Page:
It would be fair to say that most of the Still Walking festival programme is biased towards the visual. There are, however, a few notable exceptions; one of these is the Digbeth Listening Walk led by Liminal.
Liminal are architect Frances Crow and sound artist and composer David Prior (David will be leading the Digbeth Listening Walk for us). They describe their work together as “exploring the relationship between sound, listening and the environment”.
There we go biasing the visual again! Fortunately Sam made a few field recordings and the Liminal website has some videos that convey a sense of how they work with shifting our attention onto the noises that surround us and also shifting the sounds themselves.
I’m liking the circularity of this, because when I think of the sounds of Digbeth, I am also reminded of Sam’s recent Sonic Graffiti project and these wonderfully atmospheric tracks made from field recordings around the area. These tracks are intended to be listened in the places whence they came, but here’s a taster:[audio:http://www.stillwalking.org/media/SG01_MrUnderwood_Taxi.mp3%5D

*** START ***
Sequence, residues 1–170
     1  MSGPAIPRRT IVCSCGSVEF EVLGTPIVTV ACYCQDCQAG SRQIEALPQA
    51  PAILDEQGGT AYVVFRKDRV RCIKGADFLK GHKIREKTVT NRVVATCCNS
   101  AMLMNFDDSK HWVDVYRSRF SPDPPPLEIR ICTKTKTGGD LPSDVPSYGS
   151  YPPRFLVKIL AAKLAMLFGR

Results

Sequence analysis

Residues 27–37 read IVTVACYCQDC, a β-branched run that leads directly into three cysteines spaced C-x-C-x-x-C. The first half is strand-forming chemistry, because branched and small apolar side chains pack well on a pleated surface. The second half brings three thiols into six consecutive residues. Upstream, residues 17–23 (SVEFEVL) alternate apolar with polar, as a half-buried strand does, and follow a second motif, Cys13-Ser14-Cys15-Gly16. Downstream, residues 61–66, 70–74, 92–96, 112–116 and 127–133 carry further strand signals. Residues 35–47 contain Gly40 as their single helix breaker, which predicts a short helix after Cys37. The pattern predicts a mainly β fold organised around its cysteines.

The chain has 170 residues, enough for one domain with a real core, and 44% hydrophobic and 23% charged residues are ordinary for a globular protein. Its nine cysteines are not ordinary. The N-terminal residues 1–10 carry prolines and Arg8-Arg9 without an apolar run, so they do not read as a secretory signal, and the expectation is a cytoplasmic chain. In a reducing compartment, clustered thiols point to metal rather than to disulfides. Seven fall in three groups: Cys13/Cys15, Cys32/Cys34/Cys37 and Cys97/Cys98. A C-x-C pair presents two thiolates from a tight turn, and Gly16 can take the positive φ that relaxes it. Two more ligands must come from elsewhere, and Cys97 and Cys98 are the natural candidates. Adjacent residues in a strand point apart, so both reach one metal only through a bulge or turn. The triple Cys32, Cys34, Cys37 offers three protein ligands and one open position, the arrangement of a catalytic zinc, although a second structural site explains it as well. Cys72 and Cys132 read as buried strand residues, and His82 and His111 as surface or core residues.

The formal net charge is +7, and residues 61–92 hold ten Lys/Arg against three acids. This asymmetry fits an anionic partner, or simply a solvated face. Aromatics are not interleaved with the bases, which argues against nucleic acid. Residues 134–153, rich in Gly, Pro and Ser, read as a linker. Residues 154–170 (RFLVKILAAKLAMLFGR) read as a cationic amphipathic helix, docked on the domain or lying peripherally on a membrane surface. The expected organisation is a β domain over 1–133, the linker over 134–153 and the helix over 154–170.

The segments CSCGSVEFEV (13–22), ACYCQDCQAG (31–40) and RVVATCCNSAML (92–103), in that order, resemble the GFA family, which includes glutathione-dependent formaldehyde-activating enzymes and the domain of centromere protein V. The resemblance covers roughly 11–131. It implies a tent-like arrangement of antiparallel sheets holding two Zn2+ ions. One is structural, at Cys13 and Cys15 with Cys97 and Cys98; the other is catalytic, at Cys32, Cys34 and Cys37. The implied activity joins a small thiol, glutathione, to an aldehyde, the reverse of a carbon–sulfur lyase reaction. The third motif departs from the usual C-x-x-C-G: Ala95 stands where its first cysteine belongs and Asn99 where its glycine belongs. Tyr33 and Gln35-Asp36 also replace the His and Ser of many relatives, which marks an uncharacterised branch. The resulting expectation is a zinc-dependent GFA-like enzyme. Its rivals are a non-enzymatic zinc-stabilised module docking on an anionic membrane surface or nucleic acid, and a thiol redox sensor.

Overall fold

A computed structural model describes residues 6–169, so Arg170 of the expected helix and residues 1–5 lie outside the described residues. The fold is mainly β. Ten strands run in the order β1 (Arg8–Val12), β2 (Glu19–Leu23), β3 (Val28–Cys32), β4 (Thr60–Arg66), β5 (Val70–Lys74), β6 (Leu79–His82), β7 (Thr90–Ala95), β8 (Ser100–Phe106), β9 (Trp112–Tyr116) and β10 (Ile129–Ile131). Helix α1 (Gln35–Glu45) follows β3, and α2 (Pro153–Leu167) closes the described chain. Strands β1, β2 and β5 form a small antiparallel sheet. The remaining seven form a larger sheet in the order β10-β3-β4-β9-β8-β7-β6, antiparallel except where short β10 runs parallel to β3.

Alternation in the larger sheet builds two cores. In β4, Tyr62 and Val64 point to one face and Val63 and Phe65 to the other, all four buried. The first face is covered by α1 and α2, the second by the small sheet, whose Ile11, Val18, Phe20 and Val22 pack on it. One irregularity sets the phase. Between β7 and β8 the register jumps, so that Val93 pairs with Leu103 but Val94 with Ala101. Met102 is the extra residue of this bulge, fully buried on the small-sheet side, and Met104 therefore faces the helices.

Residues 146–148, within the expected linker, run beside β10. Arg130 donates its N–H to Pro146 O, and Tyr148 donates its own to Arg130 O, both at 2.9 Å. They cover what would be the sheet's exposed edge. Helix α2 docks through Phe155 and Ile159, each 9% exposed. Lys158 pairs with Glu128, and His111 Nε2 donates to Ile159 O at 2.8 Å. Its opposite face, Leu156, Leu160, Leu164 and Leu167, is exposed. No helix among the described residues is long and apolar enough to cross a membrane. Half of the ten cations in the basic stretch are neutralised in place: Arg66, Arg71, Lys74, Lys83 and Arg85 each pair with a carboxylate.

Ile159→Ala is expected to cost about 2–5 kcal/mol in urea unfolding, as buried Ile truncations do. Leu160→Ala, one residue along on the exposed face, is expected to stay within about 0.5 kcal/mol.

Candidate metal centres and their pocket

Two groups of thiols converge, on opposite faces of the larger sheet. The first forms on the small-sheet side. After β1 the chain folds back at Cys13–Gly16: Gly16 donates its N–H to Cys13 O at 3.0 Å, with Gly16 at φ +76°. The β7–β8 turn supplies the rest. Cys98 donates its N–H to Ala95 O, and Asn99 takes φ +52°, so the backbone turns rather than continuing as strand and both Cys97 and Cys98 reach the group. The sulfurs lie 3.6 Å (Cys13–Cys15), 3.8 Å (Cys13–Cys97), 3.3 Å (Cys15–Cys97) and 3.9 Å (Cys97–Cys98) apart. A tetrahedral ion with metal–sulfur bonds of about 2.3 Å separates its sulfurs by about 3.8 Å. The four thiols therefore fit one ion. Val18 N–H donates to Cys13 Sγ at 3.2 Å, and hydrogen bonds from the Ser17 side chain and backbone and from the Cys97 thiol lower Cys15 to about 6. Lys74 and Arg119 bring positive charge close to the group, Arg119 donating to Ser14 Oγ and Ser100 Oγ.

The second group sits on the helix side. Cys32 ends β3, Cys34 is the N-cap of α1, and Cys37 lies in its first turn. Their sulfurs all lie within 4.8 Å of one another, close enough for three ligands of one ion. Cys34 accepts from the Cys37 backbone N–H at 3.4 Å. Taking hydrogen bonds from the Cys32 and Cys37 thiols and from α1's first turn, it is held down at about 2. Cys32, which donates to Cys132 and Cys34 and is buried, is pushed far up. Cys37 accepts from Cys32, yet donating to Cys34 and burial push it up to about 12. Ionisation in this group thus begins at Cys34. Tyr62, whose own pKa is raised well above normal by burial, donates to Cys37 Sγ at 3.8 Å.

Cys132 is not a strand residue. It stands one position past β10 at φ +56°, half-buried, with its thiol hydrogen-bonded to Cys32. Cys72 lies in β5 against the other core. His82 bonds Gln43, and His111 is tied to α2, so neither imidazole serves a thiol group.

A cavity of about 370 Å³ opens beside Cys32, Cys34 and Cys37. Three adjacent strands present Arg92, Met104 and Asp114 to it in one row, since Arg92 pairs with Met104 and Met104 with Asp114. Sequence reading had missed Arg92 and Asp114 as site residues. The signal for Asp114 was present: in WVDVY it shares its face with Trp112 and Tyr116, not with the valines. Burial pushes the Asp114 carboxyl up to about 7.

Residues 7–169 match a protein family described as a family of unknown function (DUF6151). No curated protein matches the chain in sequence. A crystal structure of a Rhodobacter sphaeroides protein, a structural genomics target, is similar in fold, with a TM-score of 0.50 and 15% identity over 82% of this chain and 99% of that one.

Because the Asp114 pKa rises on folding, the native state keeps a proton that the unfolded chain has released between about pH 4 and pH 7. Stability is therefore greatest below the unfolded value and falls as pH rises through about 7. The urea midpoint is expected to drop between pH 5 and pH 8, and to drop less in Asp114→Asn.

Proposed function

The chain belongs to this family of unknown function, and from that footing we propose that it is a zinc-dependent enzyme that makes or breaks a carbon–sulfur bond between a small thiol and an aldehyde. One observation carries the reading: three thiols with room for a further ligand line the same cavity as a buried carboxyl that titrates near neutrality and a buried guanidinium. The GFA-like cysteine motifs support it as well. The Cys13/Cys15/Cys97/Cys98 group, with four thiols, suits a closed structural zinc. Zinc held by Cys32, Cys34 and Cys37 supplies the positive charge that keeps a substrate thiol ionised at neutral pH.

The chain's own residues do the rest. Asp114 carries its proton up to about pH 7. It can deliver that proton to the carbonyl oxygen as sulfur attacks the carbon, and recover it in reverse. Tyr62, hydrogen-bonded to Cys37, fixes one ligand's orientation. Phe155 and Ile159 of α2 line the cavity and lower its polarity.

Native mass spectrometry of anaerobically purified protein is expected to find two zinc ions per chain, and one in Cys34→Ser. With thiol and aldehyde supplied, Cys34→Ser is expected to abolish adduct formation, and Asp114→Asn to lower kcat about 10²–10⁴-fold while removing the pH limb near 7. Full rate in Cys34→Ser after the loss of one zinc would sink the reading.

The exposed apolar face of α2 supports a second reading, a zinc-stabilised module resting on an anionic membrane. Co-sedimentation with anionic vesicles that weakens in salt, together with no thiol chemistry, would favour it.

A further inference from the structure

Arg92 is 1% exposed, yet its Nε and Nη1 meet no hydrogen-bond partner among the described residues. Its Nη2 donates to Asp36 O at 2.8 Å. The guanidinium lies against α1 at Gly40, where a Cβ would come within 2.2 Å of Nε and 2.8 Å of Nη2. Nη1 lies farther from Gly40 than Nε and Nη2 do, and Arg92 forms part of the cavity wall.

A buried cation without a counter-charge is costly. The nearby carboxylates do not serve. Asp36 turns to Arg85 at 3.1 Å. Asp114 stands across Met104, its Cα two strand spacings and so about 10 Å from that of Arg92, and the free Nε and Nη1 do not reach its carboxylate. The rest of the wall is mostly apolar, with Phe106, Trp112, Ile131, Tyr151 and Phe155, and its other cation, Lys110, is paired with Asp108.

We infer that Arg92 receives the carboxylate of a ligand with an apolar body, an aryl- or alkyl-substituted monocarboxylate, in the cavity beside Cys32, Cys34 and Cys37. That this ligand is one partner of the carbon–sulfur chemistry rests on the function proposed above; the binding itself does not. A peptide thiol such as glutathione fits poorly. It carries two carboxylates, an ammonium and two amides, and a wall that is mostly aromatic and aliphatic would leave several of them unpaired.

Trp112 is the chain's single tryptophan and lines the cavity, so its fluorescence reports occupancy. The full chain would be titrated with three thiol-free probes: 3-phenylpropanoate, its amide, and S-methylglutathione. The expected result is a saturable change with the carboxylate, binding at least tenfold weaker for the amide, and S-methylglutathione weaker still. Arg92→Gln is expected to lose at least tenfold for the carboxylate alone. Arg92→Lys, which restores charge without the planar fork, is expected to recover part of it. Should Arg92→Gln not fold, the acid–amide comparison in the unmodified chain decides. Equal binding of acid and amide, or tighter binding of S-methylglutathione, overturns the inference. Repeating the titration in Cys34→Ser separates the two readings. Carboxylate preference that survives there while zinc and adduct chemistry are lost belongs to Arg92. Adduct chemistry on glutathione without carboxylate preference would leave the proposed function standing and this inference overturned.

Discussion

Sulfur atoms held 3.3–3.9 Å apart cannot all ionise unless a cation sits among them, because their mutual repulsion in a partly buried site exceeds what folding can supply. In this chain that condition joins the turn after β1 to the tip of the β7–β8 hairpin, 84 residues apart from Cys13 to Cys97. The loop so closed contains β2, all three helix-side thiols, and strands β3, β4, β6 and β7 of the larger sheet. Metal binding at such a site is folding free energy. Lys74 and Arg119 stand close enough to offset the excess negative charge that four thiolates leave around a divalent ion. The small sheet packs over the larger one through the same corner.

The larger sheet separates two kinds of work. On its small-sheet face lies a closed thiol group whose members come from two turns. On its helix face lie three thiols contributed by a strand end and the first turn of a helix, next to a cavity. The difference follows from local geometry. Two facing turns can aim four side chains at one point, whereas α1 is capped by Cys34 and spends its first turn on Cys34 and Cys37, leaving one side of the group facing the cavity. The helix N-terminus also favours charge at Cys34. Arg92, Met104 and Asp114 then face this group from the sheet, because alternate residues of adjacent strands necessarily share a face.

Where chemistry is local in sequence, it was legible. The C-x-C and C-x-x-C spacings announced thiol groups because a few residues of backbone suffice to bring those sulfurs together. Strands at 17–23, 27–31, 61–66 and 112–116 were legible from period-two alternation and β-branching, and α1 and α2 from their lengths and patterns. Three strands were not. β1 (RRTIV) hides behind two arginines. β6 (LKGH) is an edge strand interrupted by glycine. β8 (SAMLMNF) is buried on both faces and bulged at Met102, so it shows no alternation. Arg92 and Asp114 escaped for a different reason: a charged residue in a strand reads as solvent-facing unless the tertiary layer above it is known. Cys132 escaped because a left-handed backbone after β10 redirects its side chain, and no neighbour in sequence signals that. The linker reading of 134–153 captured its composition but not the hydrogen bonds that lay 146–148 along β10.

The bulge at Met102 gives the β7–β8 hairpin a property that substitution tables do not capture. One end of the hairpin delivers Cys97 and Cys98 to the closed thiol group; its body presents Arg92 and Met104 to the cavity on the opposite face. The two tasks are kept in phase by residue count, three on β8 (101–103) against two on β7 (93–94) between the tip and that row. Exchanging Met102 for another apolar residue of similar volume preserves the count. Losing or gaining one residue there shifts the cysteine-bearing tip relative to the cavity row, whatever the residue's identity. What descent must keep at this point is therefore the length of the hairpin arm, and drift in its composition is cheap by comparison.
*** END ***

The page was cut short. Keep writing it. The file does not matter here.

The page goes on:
I’ve experienced Digbeth late at night after visiting different events; in the early hours of the morning as I embark on my walking projects; during the day as I schlepp back home from the city centre and I’ve also sat in VIVID for hours on end listening to the drone of the buses going down Heath Mill Lane. Yet I still don’t really have a mental image (damn! there we go again!) of what Digbeth might sound like at 3 o’clock on a Friday afternoon. Will all the metal bashers still be at it, or will the factories have emptied for the weekend? Too early for the Friday-night revellers I expect, maybe also for the commuters making their way homewards?
Whatever the soundscape turns out to be, I’m looking forward to being given the excuse – and a few more skills – to pause and take notice of it.
The Digbeth Listening Walk takes place on Friday the 30th of March, 3-4:30pm. Hear you there.